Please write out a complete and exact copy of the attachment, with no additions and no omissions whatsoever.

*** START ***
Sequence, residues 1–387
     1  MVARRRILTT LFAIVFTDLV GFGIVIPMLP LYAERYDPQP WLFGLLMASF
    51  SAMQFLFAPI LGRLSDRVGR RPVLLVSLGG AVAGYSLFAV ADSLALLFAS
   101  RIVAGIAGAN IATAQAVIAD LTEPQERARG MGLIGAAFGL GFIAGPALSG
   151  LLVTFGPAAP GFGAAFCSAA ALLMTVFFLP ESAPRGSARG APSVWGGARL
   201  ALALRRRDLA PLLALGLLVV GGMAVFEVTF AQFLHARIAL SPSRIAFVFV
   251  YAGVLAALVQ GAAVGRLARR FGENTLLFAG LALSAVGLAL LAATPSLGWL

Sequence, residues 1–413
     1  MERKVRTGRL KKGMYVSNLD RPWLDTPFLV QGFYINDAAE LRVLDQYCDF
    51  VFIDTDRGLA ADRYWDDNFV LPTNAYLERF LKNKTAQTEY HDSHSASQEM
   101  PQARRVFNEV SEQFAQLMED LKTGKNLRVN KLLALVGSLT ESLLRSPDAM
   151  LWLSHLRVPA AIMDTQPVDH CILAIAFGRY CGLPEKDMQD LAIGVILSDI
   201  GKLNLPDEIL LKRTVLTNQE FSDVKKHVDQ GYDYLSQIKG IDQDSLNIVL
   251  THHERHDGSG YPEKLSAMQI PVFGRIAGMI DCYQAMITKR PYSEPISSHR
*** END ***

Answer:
Sequence, residues 1–387
     1  MVARRRILTT LFAIVFTDLV GFGIVIPMLP LYAERYDPQP WLFGLLMASF
    51  SAMQFLFAPI LGRLSDRVGR RPVLLVSLGG AVAGYSLFAV ADSLALLFAS
   101  RIVAGIAGAN IATAQAVIAD LTEPQERARG MGLIGAAFGL GFIAGPALSG
   151  LLVTFGPAAP GFGAAFCSAA ALLMTVFFLP ESAPRGSARG APSVWGGARL
   201  ALALRRRDLA PLLALGLLVV GGMAVFEVTF AQFLHARIAL SPSRIAFVFV
   251  YAGVLAALVQ GAAVGRLARR FGENTLLFAG LALSAVGLAL LAATPSLGWL

Sequence, residues 1–413
     1  MERKVRTGRL KKGMYVSNLD RPWLDTPFLV QGFYINDAAE LRVLDQYCDF
    51  VFIDTDRGLA ADRYWDDNFV LPTNAYLERF LKNKTAQTEY HDSHSASQEM
   101  PQARRVFNEV SEQFAQLMED LKTGKNLRVN KLLALVGSLT ESLLRSPDAM
   151  LWLSHLRVPA AIMDTQPVDH CILAIAFGRY CGLPEKDMQD LAIGVILSDI
   201  GKLNLPDEIL LKRTVLTNQE FSDVKKHVDQ GYDYLSQIKG IDQDSLNIVL
   251  THHERHDGSG YPEKLSAMQI PVFGRIAGMI DCYQAMITKR PYSEPISSHR